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Special groups: body mass index

Analysis of the ENGAGE AF –TIMI study has shown that obese patients with atrial fibrillation (AF) had a lower risk of stroke/systemic embolic events (SEE) and better survival than AF patients with a normal body mass index (BMI), but the risk of bleeding was higher in patients with a BMI ≥ 25.1

In the study, patients with atrial fibrillation and a CHA2DS2-VASc score ≥ 2, were randomised to warfarin or edoxaban (higher or lower dose).  There were available data for BMI (kg/m2) for 21,028 patients, with 0.8% being underweight (BMI <18.5); 21% normal (BMI 18.5–25); 38% overweight (BMI 25–30); 25% moderately obese (BMI 30–35); 10% severely obese (BMI 35–40); and 5% very severely obese (BMI >40).

The subanalysis looked if there was any difference in outcomes in these patients. The primary end point was stroke/SEE, and the principal safety end point was major bleeding.

Results showed that patients with higher BMIs were more likely female, enrolled in North America, and to have diabetes, heart failure and hypertension requiring treatment. Prior stroke or transient ischemic attack was less common as compared to patients with normal BMI. In an adjusted analysis including all patients enrolled regardless of treatment group, higher BMIs (especially if >35) were associated with a significantly lower risk of stroke/SEE and mortality compared to patients with normal BMI. Conversely there was a significantly increased risk of major bleeding with increasing BMI, even after controlling for treatment groups and other covariates. Net outcomes were similar in obese patients compared to those with normal BMI.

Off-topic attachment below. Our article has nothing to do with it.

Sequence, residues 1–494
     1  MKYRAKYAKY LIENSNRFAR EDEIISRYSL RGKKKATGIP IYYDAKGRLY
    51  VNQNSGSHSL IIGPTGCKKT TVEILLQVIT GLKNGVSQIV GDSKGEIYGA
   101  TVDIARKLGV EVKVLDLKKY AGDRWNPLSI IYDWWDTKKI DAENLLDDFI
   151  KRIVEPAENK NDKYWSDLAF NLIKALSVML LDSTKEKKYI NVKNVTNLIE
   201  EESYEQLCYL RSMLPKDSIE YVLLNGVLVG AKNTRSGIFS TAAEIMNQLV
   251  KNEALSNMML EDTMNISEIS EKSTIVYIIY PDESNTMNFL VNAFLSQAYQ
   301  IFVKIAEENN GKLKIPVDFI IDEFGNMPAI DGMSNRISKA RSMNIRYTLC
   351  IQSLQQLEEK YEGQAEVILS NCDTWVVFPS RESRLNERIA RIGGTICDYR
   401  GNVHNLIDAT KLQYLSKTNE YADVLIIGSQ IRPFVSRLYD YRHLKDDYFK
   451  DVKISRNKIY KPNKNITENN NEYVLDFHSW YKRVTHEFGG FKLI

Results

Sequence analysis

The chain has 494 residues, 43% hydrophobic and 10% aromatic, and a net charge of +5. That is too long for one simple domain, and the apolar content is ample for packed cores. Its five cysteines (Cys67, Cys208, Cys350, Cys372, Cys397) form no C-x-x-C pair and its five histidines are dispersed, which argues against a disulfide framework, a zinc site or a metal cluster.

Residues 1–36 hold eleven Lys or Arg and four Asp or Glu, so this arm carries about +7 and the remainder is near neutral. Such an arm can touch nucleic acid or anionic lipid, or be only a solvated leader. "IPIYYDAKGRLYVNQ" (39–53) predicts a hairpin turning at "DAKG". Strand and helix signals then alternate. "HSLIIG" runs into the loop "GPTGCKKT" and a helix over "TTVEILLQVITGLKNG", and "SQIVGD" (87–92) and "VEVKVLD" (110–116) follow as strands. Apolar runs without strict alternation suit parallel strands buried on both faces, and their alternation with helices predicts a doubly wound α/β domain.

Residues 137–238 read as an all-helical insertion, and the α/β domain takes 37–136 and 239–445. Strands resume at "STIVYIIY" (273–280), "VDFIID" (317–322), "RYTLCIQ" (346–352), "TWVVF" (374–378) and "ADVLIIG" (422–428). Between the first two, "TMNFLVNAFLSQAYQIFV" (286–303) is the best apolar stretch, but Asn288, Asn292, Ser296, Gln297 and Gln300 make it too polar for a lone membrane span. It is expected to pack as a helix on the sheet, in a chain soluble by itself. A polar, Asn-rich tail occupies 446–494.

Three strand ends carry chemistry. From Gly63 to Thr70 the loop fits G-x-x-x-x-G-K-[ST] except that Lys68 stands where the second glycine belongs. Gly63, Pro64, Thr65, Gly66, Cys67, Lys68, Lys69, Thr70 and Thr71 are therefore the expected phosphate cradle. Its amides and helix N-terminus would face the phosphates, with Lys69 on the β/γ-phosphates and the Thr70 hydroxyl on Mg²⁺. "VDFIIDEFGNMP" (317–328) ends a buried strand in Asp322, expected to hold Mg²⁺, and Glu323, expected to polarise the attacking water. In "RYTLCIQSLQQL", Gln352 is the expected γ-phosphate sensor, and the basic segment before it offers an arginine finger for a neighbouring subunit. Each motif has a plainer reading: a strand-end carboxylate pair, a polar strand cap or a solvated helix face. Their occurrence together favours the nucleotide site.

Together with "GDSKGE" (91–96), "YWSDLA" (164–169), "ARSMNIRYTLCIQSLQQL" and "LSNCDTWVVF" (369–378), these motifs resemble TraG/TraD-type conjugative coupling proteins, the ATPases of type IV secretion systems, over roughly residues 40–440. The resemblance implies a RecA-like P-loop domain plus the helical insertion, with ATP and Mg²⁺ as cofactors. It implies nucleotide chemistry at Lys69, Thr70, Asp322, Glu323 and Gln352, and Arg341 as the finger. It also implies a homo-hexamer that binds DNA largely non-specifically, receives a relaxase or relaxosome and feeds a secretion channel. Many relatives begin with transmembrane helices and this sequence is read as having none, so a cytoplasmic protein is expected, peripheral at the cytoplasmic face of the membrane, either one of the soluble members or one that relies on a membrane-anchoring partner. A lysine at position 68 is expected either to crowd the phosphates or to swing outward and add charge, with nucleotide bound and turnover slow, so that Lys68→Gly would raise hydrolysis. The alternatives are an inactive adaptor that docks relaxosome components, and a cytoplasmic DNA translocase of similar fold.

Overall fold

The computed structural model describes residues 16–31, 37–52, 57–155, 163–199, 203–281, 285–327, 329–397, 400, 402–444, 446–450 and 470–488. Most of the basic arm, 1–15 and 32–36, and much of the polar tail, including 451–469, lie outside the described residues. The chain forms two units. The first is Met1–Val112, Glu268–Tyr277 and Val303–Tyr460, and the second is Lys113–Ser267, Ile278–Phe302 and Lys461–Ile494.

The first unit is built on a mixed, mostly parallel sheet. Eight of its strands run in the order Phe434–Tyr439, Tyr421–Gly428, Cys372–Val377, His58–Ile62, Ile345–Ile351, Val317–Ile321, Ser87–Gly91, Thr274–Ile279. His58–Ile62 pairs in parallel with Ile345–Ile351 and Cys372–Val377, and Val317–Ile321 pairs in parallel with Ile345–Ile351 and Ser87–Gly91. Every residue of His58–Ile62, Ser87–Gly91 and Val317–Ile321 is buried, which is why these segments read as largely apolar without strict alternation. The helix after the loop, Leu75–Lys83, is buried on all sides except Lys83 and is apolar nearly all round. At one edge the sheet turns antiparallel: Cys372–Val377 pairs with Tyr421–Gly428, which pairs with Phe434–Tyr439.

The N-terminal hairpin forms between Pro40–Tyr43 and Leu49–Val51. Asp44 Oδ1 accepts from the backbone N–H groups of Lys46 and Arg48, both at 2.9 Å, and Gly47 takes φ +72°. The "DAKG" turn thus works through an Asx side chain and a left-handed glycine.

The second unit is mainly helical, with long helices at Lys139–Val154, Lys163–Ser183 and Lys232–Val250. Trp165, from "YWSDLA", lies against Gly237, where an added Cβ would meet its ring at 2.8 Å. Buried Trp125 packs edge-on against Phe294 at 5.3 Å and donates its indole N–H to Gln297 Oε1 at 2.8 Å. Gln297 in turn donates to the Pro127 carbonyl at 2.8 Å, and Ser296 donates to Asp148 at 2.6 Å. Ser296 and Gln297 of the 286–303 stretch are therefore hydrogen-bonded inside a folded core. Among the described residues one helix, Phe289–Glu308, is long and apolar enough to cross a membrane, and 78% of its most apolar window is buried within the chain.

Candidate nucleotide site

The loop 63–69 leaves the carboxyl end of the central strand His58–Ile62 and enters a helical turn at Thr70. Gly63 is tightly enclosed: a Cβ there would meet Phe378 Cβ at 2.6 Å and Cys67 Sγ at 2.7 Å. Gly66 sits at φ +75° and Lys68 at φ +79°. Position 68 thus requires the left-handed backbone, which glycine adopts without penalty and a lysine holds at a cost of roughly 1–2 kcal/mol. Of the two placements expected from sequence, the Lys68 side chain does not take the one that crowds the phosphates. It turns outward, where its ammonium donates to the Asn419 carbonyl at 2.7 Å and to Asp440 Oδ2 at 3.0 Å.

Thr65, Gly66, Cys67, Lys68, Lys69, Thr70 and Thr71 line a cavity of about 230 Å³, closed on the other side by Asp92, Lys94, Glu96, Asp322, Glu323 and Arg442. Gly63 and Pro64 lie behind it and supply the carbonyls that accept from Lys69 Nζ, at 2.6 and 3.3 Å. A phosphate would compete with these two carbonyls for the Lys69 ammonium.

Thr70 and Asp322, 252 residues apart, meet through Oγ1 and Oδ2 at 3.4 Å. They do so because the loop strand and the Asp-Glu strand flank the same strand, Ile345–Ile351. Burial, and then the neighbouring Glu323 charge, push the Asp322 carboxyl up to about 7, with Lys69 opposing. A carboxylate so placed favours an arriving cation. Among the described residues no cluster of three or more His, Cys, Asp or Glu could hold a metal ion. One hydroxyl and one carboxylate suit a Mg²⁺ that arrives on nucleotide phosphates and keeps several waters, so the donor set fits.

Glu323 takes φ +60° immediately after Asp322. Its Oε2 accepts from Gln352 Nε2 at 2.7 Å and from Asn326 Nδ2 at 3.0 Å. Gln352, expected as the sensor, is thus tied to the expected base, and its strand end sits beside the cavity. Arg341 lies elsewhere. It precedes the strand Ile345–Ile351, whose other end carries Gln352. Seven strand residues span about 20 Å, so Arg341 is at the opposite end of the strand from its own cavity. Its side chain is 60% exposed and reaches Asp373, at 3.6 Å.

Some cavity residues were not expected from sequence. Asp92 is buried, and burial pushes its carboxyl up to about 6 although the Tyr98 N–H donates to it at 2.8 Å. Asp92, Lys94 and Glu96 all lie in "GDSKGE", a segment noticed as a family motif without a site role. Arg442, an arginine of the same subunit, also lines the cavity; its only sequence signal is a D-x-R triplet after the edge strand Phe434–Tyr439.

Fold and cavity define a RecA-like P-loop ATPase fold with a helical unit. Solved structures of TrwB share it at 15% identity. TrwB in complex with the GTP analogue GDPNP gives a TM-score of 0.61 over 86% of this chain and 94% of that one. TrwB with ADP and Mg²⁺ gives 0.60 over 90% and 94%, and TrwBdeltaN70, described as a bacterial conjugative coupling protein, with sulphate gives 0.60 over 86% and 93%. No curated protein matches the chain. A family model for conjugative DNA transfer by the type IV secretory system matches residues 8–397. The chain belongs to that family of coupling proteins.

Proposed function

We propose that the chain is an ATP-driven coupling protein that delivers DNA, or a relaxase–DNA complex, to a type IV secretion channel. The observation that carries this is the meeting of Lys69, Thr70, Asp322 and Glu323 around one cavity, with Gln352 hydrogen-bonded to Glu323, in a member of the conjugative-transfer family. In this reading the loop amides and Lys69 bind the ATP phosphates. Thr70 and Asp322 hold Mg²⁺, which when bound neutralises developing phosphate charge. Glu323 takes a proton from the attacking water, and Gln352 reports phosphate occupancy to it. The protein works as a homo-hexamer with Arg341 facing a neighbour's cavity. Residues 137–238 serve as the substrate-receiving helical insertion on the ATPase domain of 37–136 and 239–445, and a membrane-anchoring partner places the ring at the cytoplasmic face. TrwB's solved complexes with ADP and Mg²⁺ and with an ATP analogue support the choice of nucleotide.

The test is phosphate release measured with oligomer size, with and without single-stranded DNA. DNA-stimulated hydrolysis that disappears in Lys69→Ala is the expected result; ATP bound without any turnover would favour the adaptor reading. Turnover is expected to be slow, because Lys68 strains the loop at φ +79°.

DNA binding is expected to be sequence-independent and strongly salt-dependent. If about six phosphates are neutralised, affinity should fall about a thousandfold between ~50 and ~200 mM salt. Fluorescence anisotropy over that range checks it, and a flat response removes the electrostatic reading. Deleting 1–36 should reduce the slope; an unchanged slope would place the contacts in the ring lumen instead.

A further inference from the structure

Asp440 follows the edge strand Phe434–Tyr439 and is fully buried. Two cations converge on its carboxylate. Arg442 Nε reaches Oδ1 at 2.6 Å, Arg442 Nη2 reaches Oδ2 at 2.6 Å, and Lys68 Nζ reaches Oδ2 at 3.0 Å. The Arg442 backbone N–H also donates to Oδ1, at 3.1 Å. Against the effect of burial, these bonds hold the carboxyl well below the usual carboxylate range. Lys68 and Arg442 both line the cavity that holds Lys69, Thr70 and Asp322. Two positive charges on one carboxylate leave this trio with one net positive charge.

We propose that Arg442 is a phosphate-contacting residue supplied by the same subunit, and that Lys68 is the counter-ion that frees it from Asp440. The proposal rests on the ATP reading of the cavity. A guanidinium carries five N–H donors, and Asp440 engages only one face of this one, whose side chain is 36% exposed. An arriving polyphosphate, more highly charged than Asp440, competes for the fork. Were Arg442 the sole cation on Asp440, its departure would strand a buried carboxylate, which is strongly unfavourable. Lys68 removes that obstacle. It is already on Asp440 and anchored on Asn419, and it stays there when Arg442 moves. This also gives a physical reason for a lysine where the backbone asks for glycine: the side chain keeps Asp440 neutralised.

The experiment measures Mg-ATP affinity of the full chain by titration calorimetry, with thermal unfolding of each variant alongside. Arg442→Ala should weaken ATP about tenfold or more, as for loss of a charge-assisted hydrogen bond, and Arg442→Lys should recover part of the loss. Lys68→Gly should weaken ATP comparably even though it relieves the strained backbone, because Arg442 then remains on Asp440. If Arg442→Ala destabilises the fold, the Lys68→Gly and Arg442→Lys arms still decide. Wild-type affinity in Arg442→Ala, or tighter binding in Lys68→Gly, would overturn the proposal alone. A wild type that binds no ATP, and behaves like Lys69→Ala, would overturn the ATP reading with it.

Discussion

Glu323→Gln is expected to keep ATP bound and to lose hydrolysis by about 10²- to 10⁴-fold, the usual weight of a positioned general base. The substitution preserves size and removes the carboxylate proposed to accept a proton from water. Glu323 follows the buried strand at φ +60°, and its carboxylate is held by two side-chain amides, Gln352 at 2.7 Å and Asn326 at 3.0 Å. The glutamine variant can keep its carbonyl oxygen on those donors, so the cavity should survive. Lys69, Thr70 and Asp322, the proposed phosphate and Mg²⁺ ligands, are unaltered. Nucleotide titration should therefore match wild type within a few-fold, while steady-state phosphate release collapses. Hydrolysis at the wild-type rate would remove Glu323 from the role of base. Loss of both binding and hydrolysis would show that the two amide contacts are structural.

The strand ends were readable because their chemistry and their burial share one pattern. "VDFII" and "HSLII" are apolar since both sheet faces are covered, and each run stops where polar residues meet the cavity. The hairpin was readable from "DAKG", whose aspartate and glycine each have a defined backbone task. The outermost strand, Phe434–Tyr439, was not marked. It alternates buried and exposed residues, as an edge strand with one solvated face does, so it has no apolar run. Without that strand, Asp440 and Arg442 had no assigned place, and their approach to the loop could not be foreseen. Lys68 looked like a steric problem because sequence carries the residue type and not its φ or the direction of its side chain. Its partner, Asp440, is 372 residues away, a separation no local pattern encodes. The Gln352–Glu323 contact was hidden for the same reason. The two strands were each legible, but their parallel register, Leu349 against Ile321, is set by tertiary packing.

Similar results were also seen in analysis of the EORP-AF (Eurobservational Research Programme on Atrial Fibrillation) Pilot Registry, which looked at outcomes at one-year follow-up of AF patients, according to BMI (kg/m2), focusing on patients with normal BMI (defined as 18.5 to <25kg/m2), overweight (25 to <30kg/m2) and obesity (≥30kg/m2).

Women with an increased BMI were found to have lower all-cause mortality and stroke, in line with the so called “obesity paradox”. In male patients, obesity was associated with more bleeding. Obese patients were also younger and with higher prevalence of diabetes and hypertension (p<0.0001).2


1. Boriani G et al. Relationships between body mass index and outcomes in 21,098 patients with atrial fibrillation and treated with edoxaban or warfarin in ENGAGE AF-TIMI 48 trial. Abstract P5875. Eur Heart J 2016;37(Abstract supplement):1199.

2. Boriani G et al. Overweight and obesity in female and male patients with atrial fibrillation: insights from the EURObservational Research Programme on Atrial Fibrillation (EORP-AF) Pilot Registry. Abstract P4621. Eur Heart J 2016; 37(Abstract Supplement): 929.

Published on: October 19, 2016

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  • ArrhythmiaAlliance
  • Stars
  • Anticoagulation Europe
  • Atrial Fibrillation Association

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